Faroe Islanders celebrate first year of LGBT protection
The Faroe Islands are celebrating gay Pride this weekend, and this year is particularly special.
In December discrimination on the grounds of sexual orientation was criminalised, after a very close vote in the country’s parliament, the Faroese Løgting.
The islands, a self-governing province of Denmark, are situated halfway between Iceland and Norway. They have a population of 48,000 people.
Today Faroe Pride begins, celebrating that first law recognising LGBT people in the country, promoting diversity and respect for human rights in Faroese society.
It is the second Pride festival on the islands and is organised by ANSO, Association of Nordic LGBT Student Organisations, together with Friðarbogin, the Faroese LGBT organisation.
Friðarbogin was founded in 2003. One of the aims of the organisation is to raise awareness around LGBT issues and to get proper legal protection for LGBT people in the Faroe Islands.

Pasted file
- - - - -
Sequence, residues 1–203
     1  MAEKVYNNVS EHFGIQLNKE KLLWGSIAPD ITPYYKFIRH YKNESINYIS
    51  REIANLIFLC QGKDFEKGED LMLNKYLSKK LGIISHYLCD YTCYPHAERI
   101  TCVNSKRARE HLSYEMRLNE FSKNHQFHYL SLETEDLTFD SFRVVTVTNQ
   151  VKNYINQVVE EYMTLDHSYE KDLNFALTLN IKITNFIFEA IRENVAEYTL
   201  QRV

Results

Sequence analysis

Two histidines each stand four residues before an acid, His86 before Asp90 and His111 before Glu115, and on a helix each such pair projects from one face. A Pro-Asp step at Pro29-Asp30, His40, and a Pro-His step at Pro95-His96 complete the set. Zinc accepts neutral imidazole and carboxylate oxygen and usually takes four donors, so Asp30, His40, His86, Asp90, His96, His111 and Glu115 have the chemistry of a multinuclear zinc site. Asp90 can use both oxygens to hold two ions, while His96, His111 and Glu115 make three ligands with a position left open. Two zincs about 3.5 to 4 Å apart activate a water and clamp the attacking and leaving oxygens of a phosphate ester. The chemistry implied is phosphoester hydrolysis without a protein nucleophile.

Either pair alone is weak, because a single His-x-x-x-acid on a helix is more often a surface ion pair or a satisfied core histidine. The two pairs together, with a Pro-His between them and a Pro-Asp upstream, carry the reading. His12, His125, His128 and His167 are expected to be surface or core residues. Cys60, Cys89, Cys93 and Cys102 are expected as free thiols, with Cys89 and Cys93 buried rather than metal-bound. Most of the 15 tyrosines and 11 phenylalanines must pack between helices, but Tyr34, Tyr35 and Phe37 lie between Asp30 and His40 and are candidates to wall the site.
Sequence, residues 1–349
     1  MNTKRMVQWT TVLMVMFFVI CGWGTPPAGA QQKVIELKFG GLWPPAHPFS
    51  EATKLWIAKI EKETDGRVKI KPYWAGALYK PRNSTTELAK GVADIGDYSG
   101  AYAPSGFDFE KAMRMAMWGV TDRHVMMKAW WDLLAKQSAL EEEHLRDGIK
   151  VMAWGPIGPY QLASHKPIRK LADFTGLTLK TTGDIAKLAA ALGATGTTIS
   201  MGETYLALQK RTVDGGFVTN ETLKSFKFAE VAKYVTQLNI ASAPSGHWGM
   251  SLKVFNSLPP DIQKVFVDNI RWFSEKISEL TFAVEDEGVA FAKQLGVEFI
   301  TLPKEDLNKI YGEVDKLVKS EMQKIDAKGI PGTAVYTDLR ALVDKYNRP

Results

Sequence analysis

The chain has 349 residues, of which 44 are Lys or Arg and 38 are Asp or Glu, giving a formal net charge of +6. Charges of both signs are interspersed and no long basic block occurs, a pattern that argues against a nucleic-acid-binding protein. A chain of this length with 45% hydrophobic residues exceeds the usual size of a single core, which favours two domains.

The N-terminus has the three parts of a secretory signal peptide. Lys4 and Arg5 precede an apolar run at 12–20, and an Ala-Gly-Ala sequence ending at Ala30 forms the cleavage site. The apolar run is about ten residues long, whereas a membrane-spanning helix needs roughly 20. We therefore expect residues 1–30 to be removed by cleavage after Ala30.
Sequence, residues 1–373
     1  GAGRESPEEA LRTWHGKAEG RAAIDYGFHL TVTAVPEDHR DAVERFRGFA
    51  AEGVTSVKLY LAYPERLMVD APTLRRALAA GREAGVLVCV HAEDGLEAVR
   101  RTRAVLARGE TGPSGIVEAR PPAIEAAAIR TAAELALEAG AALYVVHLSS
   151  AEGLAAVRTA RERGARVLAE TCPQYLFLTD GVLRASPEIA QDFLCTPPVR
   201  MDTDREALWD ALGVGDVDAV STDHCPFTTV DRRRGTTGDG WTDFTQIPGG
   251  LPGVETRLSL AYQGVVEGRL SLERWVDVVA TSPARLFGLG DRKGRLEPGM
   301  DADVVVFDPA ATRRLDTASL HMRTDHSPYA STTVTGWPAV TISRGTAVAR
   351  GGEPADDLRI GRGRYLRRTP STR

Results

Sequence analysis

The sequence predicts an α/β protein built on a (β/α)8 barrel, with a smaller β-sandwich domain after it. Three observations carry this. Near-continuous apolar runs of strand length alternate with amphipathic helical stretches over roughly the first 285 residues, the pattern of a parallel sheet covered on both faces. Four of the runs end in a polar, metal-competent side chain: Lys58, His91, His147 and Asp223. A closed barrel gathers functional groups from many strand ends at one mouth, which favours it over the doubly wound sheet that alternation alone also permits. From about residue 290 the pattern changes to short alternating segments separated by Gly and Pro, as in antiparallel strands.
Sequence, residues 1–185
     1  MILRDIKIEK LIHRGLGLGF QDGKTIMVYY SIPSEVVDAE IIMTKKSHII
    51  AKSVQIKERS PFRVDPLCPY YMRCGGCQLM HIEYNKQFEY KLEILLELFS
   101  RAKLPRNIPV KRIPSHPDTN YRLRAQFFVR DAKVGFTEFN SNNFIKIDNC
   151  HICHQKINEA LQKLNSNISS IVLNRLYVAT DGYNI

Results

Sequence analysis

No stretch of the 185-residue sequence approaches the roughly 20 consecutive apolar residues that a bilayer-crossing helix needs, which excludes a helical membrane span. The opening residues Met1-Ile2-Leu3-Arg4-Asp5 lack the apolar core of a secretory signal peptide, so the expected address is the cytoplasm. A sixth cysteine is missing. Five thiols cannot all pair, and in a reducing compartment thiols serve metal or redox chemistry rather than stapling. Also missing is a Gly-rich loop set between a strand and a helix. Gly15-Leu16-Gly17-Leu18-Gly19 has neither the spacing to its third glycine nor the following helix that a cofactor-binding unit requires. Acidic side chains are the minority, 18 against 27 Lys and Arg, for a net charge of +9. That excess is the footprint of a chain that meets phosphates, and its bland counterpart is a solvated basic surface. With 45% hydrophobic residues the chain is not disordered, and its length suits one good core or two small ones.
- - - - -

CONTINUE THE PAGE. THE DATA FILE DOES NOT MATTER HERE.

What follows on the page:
“It is important for us, working for LGBT rights here in the Faroe Islands, to see this great support from our friends in the Nordic region,” said Tina Jacobsen, a board member of Friðarbogin.
“We hope that the presence of politicians from Sweden, Denmark, and Iceland will help our own politicians to see the importance of speaking about human rights,” she added.
During a weekend of festivities, various panels and movie screenings will take place and one of the panels will focus specially on students in higher education.
“In smaller cities like Tórshavn, students in general can be an important force to help fight homophobia, therefore we have invited representatives from student unions in Iceland, Sweden, and Greenland to the festival in order to discuss what they can actually do to be of assistance,” explained Ásta Ósk Hlöðversdóttir, president of ANSO.
The biggest event of the Pride weekend will be a parade, which will start on Saturday afternoon from the Nordic House. Music and speeches will start in the captial Tórshavn’s main square Vaglið, at 15.00.